Now that training camp is underway, and the roster for the offseason is close to finalized—though always fluid—it’s time to take stock of where the Pittsburgh Steelers stand. Specifically where Steelers players stand individually based on what we have seen happen over the course of the past few months.
A stock evaluation can take a couple of different approaches and I’ll try to make clear my reasonings. In some cases it will be based on more long-term trends, such as an accumulation of offseason activity. In other instances it will be a direct response to something that just happened. So we can see a player more than once over the course of the summer as we move forward.
Player: CB Joe Haden
Stock Value: Up
Who would have thought that a cornerback (relatively) soon to be 31 years old would see his stock trending upward? Even those who believed Joe Haden still had a lot left in the tank when the team originally signed him probably didn’t think he would have his best season in a while going into his 10th season, which is what we saw in 2019.
And which is what got him back to the Pro Bowl. Admittedly, he was not voted in outright, but rather made it in as an alternate after Baltimore Ravens cornerback Marcus Peters backed out of the event due to injury after his team lost in the Divisional Round.
It was the third Pro Bowl of his career, but his first since 2014, and he told reporters down in Orlando that this one probably meant more to him than the first one he made. It brought tears to his eyes when he first learned he would be going to the game, recalling when the Cleveland Browns released him in August of 2017 and the prevailing opinion seeming to be that he was done.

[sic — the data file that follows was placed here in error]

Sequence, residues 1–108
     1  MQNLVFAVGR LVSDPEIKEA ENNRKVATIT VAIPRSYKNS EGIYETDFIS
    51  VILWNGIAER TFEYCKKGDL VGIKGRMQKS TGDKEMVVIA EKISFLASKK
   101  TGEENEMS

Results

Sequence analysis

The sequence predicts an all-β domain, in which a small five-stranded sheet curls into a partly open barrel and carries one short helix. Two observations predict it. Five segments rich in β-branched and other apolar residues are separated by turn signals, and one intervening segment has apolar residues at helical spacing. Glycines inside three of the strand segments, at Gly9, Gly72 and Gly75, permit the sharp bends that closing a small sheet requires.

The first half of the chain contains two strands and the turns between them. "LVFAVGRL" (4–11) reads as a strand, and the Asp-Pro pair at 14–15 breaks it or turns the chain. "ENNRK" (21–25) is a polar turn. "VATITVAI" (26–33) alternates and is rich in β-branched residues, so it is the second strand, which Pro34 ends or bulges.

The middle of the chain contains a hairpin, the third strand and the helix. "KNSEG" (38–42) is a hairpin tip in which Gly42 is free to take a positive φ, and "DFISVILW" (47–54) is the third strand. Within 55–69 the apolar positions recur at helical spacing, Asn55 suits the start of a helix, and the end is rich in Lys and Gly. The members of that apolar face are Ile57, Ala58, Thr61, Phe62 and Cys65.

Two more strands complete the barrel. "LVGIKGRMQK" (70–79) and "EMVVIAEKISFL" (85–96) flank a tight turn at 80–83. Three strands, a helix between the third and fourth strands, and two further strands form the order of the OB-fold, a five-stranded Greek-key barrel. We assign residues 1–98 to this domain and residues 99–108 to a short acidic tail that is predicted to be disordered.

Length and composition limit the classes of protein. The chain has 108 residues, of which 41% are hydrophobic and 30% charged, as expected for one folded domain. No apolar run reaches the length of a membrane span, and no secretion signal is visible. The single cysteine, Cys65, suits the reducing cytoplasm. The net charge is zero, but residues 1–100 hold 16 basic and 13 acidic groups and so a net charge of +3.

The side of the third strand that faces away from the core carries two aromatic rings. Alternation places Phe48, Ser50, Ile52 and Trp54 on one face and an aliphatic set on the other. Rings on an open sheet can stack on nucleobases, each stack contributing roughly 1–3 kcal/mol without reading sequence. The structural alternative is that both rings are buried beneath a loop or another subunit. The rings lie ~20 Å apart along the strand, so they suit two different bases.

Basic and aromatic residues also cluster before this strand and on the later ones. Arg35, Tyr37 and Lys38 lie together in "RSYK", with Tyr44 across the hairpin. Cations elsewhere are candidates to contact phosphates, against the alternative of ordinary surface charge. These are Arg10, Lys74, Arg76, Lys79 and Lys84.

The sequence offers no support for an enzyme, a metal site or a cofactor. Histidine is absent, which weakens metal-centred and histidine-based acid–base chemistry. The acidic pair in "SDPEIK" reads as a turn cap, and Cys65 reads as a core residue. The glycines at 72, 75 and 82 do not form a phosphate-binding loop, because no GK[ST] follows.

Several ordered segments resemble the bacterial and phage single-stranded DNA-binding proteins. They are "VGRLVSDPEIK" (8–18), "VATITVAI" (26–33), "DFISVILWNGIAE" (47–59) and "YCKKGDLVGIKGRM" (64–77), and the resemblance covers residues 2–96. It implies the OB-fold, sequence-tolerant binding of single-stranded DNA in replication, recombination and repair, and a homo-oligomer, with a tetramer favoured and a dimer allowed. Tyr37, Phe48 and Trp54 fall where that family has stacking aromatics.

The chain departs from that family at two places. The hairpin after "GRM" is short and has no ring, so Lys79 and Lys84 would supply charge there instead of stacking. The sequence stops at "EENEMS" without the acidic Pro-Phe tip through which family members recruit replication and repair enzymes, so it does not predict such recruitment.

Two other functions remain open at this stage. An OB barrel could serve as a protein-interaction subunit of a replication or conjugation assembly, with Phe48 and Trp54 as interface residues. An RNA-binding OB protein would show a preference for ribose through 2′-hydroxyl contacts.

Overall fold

While he hasn’t been flawless in his three seasons with Pittsburgh, he has provided generally consistent and solid play at the left cornerback position, stabilizing a crucial part of the secondary that frankly had been in flux prior to his arrival.
And he really made a difference this past season, recording five interceptions, the most by a Steelers cornerback since Chad Scott had five back in 2001. He and Dewayne Washington both had five in 2000, and Washington also had five in 1998. Rod Woodson, Mel Blount, Jack Butler, and Dwayne Woodruff are the only Steelers cornerbacks to do it more than twice (both Butler and safety Donnie Shell did it six times).
But it’s not just that for Haden. He’s still retaining the bulk of his athleticism, and has picked up his craftiness to stay with receivers. He gives maximum effort in run support, and the boost that he gives in the locker room as a leader is unquantifiable. Younger players have been looking toward him since the first time he stepped in the locker room, and his role has only grown immensely since then.